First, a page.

August 19, 2013

Police find Waterville woman and missing kids

Traveling with her three unharmed children, BethMarie Retamozzo is arrested in South Carolina.

By Jesse Scardina jscardina@centralmaine.com
Staff Writer

A Waterville woman wanted for allegedly abducting two of her children on Thursday was arrested in South Carolina late Saturday night.

BethMarie Retamozzo was arrested while at a rest stop off Interstate 95 in Hendersonville, S.C., by the South Carolina Highway Patrol at 10:15 p.m., according to Waterville Police Chief Joe Massey.

The two children, Joslyn Retamozzo, 7, and Joel Retamozzo, 6, along with Retamozzo's 2-year-old daughter, over whom she had custody, are all safe and unharmed.

"She was taken into custody without incident and her three children that were with her are fine," Massey said.

Massey said Retamozzo will have an extradition hearing in South Carolina before the Kennebec district attorney and Waterville police work out on how to get her back in Maine. She faces two counts of felony criminal restrain by a parent.

Hendersonville, which is about 50 miles outside of Charleston, S.C., is over 1,100 miles from Waterville.

Massey said the process was a coordinated one, involving numerous agencies along the East Coast.

"This was a very significant investigation that involved the coordination of local, state and federal officials," he said.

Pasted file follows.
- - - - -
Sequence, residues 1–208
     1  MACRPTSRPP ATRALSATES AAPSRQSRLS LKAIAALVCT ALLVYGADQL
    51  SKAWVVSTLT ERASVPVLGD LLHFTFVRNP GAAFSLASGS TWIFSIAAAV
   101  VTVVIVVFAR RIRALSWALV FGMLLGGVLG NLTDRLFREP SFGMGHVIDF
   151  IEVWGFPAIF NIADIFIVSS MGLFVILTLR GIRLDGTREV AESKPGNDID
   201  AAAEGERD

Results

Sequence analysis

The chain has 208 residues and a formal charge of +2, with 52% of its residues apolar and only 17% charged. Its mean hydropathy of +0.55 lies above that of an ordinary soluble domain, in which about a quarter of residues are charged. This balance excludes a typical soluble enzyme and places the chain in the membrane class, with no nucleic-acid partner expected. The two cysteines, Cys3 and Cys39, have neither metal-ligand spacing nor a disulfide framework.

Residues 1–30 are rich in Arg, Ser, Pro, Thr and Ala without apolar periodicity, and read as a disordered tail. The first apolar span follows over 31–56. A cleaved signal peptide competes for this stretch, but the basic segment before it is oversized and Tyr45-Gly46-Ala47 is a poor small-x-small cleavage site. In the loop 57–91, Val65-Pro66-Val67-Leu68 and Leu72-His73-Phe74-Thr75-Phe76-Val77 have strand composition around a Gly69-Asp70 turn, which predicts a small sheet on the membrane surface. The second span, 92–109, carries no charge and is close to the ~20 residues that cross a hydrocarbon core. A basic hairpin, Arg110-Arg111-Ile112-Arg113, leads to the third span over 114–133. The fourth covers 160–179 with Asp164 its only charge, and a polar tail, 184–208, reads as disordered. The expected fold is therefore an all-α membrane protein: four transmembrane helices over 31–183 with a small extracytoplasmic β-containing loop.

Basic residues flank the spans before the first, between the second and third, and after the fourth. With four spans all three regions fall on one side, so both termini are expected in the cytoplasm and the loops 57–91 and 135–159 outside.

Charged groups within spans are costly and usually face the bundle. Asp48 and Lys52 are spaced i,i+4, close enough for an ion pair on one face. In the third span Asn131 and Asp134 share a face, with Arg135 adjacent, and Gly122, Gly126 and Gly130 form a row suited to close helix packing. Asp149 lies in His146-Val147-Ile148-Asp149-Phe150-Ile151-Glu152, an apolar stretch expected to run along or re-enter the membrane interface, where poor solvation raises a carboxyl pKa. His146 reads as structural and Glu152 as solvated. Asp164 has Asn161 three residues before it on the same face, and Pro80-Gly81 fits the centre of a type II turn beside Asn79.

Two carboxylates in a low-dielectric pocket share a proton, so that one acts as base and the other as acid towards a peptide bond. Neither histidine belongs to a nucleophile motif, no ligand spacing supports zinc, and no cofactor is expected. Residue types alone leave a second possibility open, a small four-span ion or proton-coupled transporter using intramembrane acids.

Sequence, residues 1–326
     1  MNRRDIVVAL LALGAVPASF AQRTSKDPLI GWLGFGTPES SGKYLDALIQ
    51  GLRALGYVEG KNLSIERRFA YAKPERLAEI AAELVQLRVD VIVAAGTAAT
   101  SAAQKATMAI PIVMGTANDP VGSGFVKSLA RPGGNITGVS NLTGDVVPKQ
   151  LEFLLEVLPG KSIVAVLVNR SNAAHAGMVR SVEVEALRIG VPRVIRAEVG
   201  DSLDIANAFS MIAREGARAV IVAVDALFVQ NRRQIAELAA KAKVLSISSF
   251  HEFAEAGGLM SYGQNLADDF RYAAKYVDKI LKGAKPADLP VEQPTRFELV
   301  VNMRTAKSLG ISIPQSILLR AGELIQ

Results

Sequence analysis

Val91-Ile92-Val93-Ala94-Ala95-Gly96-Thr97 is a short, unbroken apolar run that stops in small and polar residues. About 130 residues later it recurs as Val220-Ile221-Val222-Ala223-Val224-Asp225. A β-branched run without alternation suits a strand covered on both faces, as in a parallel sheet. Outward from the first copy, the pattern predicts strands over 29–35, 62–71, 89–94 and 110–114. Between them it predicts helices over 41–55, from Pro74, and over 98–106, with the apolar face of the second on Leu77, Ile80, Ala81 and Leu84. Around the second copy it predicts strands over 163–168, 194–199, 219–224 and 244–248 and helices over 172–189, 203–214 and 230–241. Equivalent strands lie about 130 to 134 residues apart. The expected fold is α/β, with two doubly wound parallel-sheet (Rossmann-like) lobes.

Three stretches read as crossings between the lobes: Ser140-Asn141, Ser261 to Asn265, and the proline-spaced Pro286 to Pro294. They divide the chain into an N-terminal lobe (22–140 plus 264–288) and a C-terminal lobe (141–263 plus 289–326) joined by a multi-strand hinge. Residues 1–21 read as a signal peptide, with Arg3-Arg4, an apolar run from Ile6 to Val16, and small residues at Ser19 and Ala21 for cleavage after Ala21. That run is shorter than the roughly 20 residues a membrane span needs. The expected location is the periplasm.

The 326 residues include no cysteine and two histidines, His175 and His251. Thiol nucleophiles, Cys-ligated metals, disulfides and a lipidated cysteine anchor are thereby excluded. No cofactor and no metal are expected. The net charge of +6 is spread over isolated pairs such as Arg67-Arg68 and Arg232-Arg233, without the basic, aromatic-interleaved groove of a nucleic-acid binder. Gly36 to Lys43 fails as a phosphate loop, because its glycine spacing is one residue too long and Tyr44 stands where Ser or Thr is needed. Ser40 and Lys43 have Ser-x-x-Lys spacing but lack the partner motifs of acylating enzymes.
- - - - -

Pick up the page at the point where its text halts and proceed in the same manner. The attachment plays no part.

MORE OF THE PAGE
Massey said they were able to track Retamozzo periodically through cellphone messages.

"As a result of cellphone records and other investigative information, we were able to start tracking her movements," Massey said.

Retamozzo was communicating with relatives and friends in New York and Florida, Waterville police detective Sgt. Bill Bonney said, but he wouldn't say which family members.

Bonney said the children are in custody of South Carolina Department of Health and Human Services, and they are in contact with Maine authorities and the legal guardian of the two Waterville kids.

Bonney also said that a Maine DHHS supervisor, whose name he would not release, allowed Retamozzo to drive her two children to a playground during a Thursday visitation because the supervisor intended to follow Retamozzo's van. Bonney said that Retamozzo was able to hurry her children into her vehicle and leave before the supervisor could pack up.

Massey said that a communication center was set up in Waterville, involving local, state and federal agencies, which was extremely helpful in the process.

"The new police department was able to house multiple agencies and a significant and large investigation in a comfortable environment," he said. "That worked very, very well for us."

Jesse Scardina -- 861-9239
jscardina@mainetoday.com

Were you interviewed for this story? If so, please fill out our accuracy form

Send question/comment to the editors




Further Discussion

Here at KJonline.com we value our readers and are committed to growing our community by encouraging you to add to the discussion. To ensure conscientious dialogue we have implemented a strict no-bullying policy. To participate, you must follow our Terms of Use.

Questions about the article? Add them below and we’ll try to answer them or do a follow-up post as soon as we can. Technical problems? Email them to us with an exact description of the problem. Make sure to include:
  • Type of computer or mobile device your are using
  • Exact operating system and browser you are viewing the site on (TIP: You can easily determine your operating system here.)